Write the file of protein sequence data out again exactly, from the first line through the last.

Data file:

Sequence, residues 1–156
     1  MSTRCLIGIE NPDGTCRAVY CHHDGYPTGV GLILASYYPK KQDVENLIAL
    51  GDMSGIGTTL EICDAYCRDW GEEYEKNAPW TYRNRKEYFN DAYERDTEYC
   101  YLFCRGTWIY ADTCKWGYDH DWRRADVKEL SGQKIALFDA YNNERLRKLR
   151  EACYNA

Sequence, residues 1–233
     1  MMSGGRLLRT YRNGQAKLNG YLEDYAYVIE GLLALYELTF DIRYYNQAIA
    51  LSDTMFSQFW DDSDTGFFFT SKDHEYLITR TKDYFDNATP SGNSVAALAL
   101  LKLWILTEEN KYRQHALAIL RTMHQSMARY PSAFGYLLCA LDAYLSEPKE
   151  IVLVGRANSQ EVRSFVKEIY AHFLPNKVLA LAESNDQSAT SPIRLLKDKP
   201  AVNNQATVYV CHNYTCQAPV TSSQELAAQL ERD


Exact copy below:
Sequence, residues 1–156
     1  MSTRCLIGIE NPDGTCRAVY CHHDGYPTGV GLILASYYPK KQDVENLIAL
    51  GDMSGIGTTL EICDAYCRDW GEEYEKNAPW TYRNRKEYFN DAYERDTEYC
   101  YLFCRGTWIY ADTCKWGYDH DWRRADVKEL SGQKIALFDA YNNERLRKLR
   151  EACYNA

Sequence, residues 1–233
     1  MMSGGRLLRT YRNGQAKLNG YLEDYAYVIE GLLALYELTF DIRYYNQAIA
    51  LSDTMFSQFW DDSDTGFFFT SKDHEYLITR TKDYFDNATP SGNSVAALAL
   101  LKLWILTEEN KYRQHALAIL RTMHQSMARY PSAFGYLLCA LDAYLSEPKE
   151  IVLVGRANSQ EVRSFVKEIY AHFLPNKVLA LAESNDQSAT SPIRLLKDKP
   201  AVNNQATVYV CHNYTCQAPV TSSQELAAQL ERD